Current polls show Proposition 36, the initiative to amend the Three Strikes Law to require that the third strike be not just any felony but a serious or violent felony, leading by a significant majority. In a previous post, we provided an analysis of the proposition, concluding that it was a step in the right direction, though we would have liked to see more reforms (including some hope for second strikes and a consideration of the simultaneous strike problem.) Today I’m thinking about the minority of Californians who still oppose Prop 36 and pondering the sources of said opposition.

As my colleague and friend Josh Page argues in The Toughest Beat, the original Three Strikes Law was heavily promoted by the CCPOA–California’s prison guard union–and victim organizations puppeteered by the union. Spearheading the law were families of victims of heinous crimes perpetrated by habitual offenders on parole. The original idea behind the law was not to deter potential criminals from committing crime; if we allow simultaneous strikes to be counted in the same trial, we’re pretty much dismissing the deterrent effect. Rather, the idea was to incapacitate; namely, to identify risky individuals and put them behind bars for life.

A Legal Analyst’s Office analysis conducted in 2004 stated that only a third of the then-Three-Striker population had committed their third strike offense against a person. The remainder two thirds had committed a nonviolent third strike–a drug or a property offense. Moreover, less than half of the Three Strikers had committed an offense that could be considered serious or violent. However, as the report stated, while the third offenses were often not serious or violent (and sometimes, according to distressing news reports, rather petty), third strikers do have more serious criminal histories than other state inmates.

So, let’s look at this from a prism of risk. Does a serious or violent criminal history consisting of two prior offenses predict that more violent might be perpetrated in the future, even if the person’s third offense is actually not a violent one? The answer to that question is fairly complicated. Some criminal offenses are better predictors of risk than others.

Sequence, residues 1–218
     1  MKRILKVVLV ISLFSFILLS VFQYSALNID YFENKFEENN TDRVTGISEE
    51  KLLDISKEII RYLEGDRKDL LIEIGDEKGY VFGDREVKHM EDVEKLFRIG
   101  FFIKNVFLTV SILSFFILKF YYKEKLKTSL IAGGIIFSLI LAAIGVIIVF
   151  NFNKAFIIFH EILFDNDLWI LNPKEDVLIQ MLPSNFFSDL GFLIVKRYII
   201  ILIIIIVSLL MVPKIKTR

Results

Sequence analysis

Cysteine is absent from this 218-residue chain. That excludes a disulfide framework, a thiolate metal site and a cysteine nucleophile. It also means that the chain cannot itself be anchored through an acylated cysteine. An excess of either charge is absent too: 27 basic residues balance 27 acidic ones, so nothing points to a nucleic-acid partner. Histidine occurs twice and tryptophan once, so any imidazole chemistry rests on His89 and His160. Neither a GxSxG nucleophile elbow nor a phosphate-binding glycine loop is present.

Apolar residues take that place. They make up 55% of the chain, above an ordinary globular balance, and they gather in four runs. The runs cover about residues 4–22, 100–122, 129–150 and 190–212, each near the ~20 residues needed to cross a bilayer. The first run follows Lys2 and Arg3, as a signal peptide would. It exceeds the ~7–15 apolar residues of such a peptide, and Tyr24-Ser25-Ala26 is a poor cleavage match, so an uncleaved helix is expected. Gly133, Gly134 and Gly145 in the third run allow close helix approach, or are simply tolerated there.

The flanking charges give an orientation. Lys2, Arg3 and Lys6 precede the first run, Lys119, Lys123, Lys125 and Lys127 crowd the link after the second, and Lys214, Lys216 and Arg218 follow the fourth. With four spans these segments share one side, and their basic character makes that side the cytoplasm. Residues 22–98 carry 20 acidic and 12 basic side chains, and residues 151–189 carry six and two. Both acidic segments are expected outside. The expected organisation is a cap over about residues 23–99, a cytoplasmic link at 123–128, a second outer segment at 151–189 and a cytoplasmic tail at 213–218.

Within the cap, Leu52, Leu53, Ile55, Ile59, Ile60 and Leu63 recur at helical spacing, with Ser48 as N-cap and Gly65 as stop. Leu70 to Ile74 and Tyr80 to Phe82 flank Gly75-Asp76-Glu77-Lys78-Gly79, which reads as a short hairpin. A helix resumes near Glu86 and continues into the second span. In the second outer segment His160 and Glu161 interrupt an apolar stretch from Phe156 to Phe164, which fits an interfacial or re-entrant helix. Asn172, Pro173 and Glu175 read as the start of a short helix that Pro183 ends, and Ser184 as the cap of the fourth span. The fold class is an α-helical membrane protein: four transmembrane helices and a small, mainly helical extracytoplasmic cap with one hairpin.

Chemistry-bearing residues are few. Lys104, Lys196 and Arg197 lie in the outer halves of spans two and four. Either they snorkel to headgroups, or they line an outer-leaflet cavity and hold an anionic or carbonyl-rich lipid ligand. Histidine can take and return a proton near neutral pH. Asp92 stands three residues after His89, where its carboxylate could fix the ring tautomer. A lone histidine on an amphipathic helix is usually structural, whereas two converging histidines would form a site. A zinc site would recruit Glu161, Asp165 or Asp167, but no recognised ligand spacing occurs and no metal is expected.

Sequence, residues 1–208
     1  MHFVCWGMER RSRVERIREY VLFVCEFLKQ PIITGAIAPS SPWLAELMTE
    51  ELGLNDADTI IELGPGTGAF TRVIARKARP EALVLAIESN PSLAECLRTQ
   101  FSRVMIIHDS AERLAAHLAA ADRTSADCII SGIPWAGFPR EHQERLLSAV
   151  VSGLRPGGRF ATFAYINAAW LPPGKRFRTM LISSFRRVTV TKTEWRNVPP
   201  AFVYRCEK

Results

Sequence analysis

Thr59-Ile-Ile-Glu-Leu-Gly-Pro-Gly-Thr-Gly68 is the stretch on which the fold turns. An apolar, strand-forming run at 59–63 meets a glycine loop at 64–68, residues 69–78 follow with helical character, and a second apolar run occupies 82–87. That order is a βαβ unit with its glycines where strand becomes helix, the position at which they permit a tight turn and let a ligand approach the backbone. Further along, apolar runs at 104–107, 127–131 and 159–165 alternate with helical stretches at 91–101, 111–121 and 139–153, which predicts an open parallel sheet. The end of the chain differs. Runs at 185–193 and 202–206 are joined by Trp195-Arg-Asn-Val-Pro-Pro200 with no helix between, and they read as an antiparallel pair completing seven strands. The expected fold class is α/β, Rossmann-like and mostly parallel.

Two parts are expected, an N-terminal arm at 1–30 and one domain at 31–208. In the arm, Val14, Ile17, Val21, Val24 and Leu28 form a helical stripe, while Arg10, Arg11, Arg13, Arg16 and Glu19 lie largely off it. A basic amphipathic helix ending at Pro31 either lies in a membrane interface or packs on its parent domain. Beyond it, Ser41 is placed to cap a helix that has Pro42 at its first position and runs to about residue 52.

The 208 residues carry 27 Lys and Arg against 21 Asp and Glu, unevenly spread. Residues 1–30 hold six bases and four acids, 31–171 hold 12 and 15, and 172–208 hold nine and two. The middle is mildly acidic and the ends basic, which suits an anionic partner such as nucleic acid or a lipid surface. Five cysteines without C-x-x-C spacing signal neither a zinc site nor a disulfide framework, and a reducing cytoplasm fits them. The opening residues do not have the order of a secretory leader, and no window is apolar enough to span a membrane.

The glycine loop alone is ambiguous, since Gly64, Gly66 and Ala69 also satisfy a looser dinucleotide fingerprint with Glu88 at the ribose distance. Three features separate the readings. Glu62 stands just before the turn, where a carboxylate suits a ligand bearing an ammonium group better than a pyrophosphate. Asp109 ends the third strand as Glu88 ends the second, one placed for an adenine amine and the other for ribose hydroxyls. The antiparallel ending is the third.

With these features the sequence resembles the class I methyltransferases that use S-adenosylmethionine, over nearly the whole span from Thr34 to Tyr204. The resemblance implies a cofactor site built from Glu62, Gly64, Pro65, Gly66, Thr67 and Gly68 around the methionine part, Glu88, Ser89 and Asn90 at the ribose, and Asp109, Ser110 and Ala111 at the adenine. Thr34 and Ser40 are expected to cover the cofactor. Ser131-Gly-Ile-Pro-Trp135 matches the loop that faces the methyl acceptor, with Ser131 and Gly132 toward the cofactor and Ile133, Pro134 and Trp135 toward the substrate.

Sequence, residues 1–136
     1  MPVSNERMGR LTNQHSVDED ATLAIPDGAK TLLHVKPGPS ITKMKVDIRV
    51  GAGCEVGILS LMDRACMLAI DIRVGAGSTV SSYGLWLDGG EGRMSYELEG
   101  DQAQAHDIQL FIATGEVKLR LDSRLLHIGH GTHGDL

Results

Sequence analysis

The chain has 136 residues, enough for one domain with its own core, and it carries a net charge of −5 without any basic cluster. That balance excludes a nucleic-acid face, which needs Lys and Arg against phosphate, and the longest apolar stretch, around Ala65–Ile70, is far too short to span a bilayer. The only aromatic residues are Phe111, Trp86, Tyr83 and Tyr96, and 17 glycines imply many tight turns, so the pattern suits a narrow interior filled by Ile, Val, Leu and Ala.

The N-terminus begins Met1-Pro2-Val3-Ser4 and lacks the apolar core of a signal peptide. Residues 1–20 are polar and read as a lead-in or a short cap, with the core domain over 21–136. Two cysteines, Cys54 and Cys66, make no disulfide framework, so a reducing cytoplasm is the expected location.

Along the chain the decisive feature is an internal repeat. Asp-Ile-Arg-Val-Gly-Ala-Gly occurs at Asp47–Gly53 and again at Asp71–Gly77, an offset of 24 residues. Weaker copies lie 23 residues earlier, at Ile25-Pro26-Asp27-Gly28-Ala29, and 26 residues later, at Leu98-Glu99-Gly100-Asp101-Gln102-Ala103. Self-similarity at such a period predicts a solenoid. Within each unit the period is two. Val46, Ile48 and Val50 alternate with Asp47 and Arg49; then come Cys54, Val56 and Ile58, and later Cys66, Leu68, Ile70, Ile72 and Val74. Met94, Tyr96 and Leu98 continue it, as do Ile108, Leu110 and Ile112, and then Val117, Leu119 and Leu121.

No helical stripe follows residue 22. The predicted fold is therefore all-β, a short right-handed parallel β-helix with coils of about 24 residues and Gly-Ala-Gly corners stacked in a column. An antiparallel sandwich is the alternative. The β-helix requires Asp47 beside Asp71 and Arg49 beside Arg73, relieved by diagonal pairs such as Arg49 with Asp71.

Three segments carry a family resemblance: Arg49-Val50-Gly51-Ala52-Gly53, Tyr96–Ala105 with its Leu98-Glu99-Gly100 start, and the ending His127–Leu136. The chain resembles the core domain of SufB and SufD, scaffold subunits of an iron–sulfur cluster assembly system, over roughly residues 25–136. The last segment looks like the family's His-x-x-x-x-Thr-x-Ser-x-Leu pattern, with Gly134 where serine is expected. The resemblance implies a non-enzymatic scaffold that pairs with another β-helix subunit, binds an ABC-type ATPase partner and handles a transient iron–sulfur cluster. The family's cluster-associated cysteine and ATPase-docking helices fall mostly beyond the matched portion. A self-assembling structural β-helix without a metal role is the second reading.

I’ve recently read Gavin de Becker’s The Gift of Fear. De Becker is a private consultant, specializing in violence prediction. The book examines various scenarios of violence–death threats, stalking, abuse, violence wrought by fired employees, stranger violence–and strongly advocates that readers pay close attention to their own intuition in situations that feel instinctually wrong or dangerous. De Becker’s point is that, in any given situation, there are many clues that might help a potential victim predict a violent eruption. Some of these clues may be difficult to verbalize, as the potential victim might only notice them briefly, but our intuition works faster than our logic; therefore, the gut feeling in itself, without the verbal articulation of the grounds for danger, is important.

De Becker’s message is well taken in the context of individuals and immediate violence. He is combating many years of socialization that implore us, especially women, to be “nice” and kind to strangers even when we feel something is awry, and the good will that might lead us to discount our instincts as stereotypes which must not be heeded. Being wise, rather than nice, could save our lives, which I think is an important message.

But it would be a big mistake to confound de Becker’s message with a message to vote no on 36 because our instinct tells us that people with two prior violent offenses are dangerous, and here’s why. First, there’s a big difference between predicting imminent violence at the interpersonal, immediate level, and predicting it at the policymaking level as an uncertainty that might occur sometime in the future. For the latter task, one has the luxury of employing statistical predictions that a layperson cannot access in a given situation. Also, assessing a particular situation based on its context is an entirely different task than trying to predict violence without any reference to time, place, and circumstances. The factors that come into play in the latter situation will necessarily be generalized and based on many years of statistical prediction – which is why most parole boards have come to rely on statistical software, rather than on individualized clinical predictions.

Second, it’s important to keep in mind that risk prevention in general only goes one way. Sure, if we lock up all convicts with a criminal history indefinitely we might end up safer; we eliminate the risk of false positives; our pity or compassion would be neutralized and we’d make no predictive mistakes. But what about all the people whom we may be locking up needlessly? And what about first-time offenders, for whom we have no such predictors?

And third, violence prevention is only one factor in designing penal policy. The third strikers we incarcerate for twenty-five years to life have already been punished for their two prior offenses. Retribution and proportionality are also important from a justice standpoint, as is the prospect of hope for release.

Which is why I wholeheartedly recommend The Gift of Fear – and voting YES on 36 – and do not see these messages as contradictory at all.

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